Earlier this year, demolition work on the Liverpool Waterfront Car Park was completed.
The car park had to be pulled down due to the structural damage that occurred to the concrete and the steel reinforcement when a fire ripped through the building on New Year’s Eve 2017. (Luckily no-one was hurt in the blaze.)
But researchers at Sheffield University have now come up with a way to use materials from old tyres to boost concrete fire resistance. This technique has the potential to help save fire-ravaged buildings – like the Liverpool multi-storey – from needing to be torn down and rebuilt.
The team has used fibres extracted from the textile reinforcement that is commonly embedded into tyres to improve their performance. Mixing these fibres into concrete reduces the concrete spalling. Their results have been published in the journal, Fire Technology.
As you probably know, spalling is where intense heat affects the water in the concrete, causing the surface layers of the concrete to break off explosively. It can also occur when fire fighters apply cold water to the heated concrete surface while they work to contain the fire.
The fibres added to the concrete will melt when heat is applied, leaving networks of tiny channels that allow moisture to escape. This prevents the moisture getting trapped and then leaving the concrete explosively.
Lead author, Dr Shan-Shan Huang explains, “Because the fibres are so small, they don’t affect the strength or the stiffness of the concrete. Their only job is to melt when heat becomes intense.”
Protecting the concrete in this way also protects the steel reinforcement running through the concrete. This is important, as the reinforcement can weaken very quickly when exposed to extreme heat. It is this weakening that led to the Liverpool car park needing to be demolished.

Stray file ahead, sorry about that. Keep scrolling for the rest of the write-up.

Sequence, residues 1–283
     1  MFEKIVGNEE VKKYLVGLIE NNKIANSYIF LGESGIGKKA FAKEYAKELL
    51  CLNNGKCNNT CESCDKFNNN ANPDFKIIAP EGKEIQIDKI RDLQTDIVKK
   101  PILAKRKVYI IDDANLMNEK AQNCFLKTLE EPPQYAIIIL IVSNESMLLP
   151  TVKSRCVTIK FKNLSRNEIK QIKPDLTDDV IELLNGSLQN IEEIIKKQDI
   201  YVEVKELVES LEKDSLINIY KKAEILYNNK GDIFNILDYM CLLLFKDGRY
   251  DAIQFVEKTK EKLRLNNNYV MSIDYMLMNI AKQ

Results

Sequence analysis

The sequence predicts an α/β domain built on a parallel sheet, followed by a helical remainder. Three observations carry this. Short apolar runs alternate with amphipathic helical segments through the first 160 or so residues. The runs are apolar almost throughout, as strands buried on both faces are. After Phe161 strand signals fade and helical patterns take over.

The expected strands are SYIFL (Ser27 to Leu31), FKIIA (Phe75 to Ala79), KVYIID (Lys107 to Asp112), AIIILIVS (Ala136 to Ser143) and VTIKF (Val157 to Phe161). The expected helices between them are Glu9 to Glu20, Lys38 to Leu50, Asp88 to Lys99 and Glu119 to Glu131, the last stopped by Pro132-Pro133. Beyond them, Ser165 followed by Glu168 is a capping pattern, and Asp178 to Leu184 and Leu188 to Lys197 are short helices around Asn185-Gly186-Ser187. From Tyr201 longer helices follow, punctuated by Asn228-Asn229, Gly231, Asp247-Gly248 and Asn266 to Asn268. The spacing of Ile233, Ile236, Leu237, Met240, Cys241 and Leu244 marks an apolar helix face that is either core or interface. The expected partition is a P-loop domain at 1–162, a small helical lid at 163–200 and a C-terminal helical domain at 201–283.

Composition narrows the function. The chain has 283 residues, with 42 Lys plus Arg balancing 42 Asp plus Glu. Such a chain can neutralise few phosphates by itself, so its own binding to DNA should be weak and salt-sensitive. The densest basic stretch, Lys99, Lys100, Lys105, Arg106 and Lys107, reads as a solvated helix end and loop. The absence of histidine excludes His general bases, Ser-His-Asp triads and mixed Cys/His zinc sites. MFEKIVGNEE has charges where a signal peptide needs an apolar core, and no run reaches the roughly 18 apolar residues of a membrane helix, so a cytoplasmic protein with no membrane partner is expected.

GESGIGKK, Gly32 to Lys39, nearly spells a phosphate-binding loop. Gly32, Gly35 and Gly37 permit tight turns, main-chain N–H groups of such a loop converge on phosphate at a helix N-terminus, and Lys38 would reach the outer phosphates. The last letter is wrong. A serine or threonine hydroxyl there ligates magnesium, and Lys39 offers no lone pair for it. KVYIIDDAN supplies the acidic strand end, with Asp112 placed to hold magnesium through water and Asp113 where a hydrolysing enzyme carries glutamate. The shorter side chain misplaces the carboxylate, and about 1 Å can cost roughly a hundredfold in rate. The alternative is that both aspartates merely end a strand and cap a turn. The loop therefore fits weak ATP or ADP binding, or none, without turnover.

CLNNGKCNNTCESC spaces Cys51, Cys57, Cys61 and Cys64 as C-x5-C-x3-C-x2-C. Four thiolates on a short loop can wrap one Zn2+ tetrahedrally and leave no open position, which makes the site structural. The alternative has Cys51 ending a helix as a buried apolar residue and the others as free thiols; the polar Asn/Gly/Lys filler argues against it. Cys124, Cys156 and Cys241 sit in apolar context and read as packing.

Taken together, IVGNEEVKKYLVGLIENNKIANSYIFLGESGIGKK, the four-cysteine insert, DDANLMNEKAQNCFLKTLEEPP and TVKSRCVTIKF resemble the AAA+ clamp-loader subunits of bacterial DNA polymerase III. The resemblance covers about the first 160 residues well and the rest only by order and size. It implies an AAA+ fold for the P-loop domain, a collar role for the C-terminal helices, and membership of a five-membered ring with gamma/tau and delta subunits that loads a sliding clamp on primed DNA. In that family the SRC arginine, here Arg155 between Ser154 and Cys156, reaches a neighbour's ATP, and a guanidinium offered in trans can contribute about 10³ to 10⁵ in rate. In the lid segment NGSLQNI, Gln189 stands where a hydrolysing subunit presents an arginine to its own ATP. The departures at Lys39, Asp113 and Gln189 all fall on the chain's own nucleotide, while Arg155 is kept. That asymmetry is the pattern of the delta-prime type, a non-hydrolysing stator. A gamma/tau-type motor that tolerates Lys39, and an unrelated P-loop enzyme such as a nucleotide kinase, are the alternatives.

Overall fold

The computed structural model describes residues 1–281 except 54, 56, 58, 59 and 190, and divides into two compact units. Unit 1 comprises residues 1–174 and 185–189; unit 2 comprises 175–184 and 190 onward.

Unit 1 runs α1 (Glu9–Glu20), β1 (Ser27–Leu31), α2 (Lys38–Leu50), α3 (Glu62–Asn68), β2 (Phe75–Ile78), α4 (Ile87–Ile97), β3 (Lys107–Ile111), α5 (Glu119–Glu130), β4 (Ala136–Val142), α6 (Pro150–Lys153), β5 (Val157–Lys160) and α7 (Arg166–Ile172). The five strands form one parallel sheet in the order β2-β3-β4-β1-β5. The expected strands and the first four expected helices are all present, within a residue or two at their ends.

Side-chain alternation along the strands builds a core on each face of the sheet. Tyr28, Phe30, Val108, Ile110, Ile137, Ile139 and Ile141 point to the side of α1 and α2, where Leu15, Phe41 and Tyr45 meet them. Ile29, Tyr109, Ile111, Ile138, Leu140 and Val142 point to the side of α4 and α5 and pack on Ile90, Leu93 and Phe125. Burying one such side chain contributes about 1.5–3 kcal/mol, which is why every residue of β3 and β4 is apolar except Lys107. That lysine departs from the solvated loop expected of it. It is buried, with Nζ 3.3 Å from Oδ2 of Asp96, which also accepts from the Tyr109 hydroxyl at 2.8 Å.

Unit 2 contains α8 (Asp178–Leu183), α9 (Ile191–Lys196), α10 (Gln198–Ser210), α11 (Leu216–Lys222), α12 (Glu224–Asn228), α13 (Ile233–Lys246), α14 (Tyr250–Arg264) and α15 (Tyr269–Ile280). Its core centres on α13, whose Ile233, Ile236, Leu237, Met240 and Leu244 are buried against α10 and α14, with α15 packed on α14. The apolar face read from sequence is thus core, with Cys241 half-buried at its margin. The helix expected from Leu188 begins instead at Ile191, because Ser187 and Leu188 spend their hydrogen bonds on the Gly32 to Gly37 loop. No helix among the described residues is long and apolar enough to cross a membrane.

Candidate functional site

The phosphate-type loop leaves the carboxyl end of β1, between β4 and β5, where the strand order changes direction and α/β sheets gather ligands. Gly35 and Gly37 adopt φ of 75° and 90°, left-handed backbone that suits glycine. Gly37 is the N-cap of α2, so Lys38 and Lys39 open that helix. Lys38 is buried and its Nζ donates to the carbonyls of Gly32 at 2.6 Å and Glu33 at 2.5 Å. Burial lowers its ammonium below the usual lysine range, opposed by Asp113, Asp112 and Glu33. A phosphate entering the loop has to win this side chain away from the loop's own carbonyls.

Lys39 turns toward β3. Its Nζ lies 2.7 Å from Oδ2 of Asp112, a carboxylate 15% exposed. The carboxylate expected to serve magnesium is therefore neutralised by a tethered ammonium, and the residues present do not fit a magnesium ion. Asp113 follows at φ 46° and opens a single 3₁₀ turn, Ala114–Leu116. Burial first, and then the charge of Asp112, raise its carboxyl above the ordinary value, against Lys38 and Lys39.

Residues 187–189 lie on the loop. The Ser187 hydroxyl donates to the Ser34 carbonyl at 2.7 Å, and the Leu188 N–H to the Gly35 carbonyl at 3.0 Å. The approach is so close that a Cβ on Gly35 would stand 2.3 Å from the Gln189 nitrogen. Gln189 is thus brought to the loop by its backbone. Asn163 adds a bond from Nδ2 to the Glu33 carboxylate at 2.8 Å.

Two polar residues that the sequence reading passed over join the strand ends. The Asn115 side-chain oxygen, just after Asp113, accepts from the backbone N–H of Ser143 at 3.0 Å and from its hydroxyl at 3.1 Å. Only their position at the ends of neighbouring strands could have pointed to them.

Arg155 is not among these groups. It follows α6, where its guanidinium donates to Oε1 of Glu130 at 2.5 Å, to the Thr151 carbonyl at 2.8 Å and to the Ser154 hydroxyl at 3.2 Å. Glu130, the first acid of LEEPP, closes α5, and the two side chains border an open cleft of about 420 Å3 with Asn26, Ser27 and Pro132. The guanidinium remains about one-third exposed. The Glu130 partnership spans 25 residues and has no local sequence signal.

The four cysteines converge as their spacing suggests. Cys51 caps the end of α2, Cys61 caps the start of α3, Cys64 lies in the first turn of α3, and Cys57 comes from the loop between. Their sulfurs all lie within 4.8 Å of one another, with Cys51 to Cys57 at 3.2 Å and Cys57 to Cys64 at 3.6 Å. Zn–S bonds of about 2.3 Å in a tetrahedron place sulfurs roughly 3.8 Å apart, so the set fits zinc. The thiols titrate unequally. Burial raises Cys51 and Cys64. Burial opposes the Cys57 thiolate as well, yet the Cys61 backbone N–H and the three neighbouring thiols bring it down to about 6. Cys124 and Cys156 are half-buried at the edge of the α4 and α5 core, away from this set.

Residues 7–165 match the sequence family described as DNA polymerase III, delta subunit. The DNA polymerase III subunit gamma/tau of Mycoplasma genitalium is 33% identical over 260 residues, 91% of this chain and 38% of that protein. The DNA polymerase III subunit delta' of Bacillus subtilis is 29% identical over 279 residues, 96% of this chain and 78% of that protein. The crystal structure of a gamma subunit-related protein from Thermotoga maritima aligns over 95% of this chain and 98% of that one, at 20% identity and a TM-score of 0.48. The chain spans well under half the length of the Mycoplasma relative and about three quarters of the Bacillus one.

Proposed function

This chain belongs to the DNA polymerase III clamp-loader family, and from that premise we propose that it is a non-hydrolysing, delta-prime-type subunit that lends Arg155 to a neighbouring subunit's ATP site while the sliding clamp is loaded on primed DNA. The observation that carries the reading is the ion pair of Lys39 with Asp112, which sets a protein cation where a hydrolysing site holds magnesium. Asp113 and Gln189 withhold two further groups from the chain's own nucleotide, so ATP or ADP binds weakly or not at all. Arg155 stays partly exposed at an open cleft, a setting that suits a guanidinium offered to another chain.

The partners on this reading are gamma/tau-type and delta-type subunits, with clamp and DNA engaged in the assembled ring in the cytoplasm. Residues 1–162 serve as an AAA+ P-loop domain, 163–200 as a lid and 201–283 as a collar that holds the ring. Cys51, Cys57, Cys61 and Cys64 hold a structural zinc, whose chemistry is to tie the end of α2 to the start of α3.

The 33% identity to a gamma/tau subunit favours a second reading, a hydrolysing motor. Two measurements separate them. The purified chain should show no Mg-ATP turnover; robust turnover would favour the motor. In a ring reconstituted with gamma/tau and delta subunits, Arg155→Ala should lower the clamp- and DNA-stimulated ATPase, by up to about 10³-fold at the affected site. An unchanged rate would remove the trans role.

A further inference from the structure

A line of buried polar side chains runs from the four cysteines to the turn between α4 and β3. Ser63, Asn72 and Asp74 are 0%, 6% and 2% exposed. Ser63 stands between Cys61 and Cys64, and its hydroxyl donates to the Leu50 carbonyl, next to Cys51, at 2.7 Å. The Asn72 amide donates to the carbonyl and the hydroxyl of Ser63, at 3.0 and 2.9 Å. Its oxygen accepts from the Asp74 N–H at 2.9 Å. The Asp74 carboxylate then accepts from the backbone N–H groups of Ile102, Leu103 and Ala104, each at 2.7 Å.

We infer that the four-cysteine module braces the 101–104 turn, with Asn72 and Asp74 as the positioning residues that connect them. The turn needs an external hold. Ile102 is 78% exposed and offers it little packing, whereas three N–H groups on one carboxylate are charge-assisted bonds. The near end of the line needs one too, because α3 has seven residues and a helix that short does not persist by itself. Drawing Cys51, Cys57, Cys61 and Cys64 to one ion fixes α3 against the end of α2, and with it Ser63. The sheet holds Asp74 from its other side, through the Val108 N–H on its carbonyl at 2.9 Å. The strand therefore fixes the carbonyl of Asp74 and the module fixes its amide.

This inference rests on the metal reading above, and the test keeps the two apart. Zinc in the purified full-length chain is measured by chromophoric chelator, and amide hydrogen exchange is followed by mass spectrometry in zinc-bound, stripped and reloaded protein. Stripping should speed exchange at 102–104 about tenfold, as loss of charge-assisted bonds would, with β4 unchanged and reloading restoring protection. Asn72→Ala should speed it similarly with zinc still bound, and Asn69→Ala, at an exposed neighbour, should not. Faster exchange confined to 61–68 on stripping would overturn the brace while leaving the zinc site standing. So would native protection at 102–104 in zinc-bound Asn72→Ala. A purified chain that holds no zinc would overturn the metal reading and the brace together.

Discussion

The researchers collaborated with Sheffield firm Twincon to develop a method for reclaiming fibres from used tyres. Their method saw them separating the fibres from the rubber tyre, untangling the fibres into strands and then distributing them through the concrete mixture evenly.
Using man-made polypropylene fibres to protect concrete structures from damage or collapse is a reasonably well-known technique, but this research demonstrates that the strands can be recovered from used tyres, rather than being manufactured for the purpose.
Clearly this method will require less energy and resources. As Dr Huang says, “Using waste materials in this way is less expensive, and better for the planet.”
The team in Sheffield now plans to continue testing different ratios of fibres to concrete, and also test different types of concrete. Researchers will also scan the concrete as it is heated to better understand how the materials react at the microstructure level.
We already have a good track record for recycling tyres in the UK and across Europe, with the European Tyre and Rubber Manufacturers’ association reporting that 96% of end of life tyres are recycled (2013 figure).
But with the number of cars on our roads steadily increasing, it is a positive development that we have another way to repurpose this waste material, and an additional way to increase the longevity of our concrete structures.
If you need any advice or assistance with the structural elements of an upcoming project, please do get in touch.